The history department at Johns Hopkins University angered many of those applying for a faculty job in early modern European history last month by letting all 106 applicants for the coveted position know who had applied. An e-mail with an update on the status of the search didn't use the normal blind copy option, but included e-mail addresses for everyone. And this being a particularly good position, many of the applicants aren't publicly in a job search. Nothing Recedes Like Success, a history gossip blog, called the list "a Who's Who" of the field. A history jobs Wiki has several posts from those who received the e-mail. Among the comments: "Anyone who's 'secretly' on the market will be majorly P.O.'ed." "The first thing that struck me was that I knew a number of the emails: they're people I know personally! I'm googling the rest..." "I was sickened to see the list of e-mail addresses." William T. Rowe, history chair at Hopkins, said via e-mail that the department has sent an apology to everyone who applied for the job.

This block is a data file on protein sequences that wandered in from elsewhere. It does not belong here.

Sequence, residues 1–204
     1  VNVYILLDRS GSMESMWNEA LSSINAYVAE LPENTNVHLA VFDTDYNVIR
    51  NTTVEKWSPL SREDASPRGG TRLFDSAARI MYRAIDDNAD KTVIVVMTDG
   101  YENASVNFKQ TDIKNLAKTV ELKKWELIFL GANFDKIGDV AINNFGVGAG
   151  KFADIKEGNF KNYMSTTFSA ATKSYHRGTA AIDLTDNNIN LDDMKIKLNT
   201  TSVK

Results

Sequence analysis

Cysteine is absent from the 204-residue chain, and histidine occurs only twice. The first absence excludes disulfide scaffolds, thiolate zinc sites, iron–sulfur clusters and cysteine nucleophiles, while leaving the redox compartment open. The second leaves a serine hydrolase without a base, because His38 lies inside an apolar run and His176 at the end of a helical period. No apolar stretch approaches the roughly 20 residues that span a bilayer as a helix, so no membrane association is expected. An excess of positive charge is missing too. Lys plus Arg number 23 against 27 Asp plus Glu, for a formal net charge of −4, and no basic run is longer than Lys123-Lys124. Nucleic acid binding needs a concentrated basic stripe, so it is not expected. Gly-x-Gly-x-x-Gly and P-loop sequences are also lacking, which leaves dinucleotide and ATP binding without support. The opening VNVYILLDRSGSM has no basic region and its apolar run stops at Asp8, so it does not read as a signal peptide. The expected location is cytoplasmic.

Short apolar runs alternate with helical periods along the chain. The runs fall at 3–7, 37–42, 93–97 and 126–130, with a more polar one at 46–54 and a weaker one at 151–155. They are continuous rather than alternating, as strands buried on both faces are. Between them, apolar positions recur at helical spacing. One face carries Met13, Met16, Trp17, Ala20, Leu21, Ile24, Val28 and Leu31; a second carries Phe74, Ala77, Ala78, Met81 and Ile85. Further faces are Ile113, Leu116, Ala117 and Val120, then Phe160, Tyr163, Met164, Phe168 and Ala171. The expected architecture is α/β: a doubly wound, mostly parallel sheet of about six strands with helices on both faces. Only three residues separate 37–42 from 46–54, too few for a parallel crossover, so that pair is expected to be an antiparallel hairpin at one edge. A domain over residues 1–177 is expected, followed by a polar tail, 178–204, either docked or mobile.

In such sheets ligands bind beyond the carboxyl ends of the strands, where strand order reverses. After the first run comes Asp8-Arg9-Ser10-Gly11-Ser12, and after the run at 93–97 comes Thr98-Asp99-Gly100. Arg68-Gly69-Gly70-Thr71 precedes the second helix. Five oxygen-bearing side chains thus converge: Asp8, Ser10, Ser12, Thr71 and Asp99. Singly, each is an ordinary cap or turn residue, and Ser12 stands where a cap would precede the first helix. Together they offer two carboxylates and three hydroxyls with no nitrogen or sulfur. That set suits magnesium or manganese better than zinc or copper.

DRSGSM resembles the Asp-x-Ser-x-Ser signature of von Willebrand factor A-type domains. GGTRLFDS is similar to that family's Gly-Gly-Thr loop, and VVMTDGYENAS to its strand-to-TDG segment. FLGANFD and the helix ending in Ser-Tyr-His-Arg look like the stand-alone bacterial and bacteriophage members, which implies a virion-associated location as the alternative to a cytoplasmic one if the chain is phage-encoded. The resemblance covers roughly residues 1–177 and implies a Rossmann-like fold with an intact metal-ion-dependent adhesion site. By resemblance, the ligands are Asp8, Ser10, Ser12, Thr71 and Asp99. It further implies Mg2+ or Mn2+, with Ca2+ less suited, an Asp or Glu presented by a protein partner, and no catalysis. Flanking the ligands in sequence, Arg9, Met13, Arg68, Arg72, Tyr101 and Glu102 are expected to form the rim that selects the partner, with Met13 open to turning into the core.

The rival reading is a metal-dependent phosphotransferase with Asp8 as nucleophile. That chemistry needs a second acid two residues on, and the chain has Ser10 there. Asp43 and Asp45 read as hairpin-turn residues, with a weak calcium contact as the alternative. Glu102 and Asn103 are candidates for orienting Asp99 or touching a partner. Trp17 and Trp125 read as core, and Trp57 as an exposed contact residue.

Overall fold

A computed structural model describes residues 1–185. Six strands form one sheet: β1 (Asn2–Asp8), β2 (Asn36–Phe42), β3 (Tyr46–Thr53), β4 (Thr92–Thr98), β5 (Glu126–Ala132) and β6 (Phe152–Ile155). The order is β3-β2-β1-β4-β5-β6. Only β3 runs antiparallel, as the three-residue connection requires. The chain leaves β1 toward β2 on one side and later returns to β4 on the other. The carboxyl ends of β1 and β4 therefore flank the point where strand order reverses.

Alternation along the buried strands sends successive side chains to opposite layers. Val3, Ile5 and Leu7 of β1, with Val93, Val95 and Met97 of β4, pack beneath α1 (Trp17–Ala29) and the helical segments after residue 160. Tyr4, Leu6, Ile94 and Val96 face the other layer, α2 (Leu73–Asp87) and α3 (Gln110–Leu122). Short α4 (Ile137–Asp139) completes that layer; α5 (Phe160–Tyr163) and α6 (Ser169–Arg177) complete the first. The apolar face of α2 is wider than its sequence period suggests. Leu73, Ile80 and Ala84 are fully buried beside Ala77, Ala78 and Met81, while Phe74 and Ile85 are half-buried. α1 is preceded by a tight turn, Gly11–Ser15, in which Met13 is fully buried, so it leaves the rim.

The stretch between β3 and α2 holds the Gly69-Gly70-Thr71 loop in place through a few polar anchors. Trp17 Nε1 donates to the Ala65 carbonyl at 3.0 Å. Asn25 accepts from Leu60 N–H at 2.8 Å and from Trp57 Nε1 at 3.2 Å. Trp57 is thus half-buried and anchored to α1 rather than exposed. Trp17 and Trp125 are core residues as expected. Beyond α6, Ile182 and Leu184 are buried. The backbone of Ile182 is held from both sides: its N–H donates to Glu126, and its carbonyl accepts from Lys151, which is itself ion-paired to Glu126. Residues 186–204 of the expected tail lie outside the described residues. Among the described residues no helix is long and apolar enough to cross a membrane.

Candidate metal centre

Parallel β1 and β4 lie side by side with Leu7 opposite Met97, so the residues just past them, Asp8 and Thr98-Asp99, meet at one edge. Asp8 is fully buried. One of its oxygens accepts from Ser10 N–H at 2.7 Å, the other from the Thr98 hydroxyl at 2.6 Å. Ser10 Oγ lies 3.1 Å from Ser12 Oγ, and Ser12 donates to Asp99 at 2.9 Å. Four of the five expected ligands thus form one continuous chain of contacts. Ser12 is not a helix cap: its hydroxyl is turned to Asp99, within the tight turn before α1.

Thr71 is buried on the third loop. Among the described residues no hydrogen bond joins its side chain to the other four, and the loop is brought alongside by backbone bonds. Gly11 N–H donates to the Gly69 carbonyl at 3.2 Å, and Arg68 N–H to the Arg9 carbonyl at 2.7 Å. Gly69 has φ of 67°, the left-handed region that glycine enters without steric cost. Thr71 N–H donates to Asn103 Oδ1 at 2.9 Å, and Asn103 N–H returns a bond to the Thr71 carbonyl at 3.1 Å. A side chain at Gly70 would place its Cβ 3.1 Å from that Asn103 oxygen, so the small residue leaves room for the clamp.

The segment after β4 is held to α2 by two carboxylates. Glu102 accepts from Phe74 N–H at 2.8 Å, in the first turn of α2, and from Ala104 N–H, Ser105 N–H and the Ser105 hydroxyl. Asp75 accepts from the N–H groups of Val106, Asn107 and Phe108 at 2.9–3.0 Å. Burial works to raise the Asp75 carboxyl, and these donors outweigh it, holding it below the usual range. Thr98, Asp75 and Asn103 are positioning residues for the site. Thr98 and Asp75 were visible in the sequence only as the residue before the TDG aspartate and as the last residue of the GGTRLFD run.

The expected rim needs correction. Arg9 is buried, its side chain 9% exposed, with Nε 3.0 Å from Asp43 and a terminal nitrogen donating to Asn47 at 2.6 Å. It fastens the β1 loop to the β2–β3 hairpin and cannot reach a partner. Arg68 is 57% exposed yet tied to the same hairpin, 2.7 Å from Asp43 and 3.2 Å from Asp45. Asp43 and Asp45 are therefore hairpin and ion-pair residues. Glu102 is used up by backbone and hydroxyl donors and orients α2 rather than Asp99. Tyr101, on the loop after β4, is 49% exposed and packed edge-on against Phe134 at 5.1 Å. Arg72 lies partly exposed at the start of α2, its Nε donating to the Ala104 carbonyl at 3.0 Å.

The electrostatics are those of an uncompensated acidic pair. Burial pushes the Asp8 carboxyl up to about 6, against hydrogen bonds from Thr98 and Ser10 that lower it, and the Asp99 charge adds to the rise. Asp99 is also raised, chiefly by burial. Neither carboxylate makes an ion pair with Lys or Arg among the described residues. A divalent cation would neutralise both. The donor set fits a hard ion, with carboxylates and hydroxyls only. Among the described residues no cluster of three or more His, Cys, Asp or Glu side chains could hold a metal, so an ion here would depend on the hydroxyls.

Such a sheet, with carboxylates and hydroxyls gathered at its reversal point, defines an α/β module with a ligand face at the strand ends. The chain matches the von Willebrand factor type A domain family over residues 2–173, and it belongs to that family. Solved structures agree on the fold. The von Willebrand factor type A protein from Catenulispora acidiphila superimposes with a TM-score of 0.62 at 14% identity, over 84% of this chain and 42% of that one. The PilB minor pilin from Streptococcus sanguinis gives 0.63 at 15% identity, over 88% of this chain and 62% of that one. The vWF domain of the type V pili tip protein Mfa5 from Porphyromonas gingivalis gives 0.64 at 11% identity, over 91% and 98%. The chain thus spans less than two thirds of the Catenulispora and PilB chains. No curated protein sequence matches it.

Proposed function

- How Will Students Communicate?
- 2 More Aid Directors Fall
- Text, Trust and Third Parties
- Well, if They're Already Using It ...
- The Cost of Whistle Blowing
- Essay calling on search committees to respond to candidates
- Disciplinary Associations Should Start Treating Job Seekers With Respect
- E-mails reveal that Mitch Daniels, as governor, tried to ban Howard Zinn book
Search for Jobs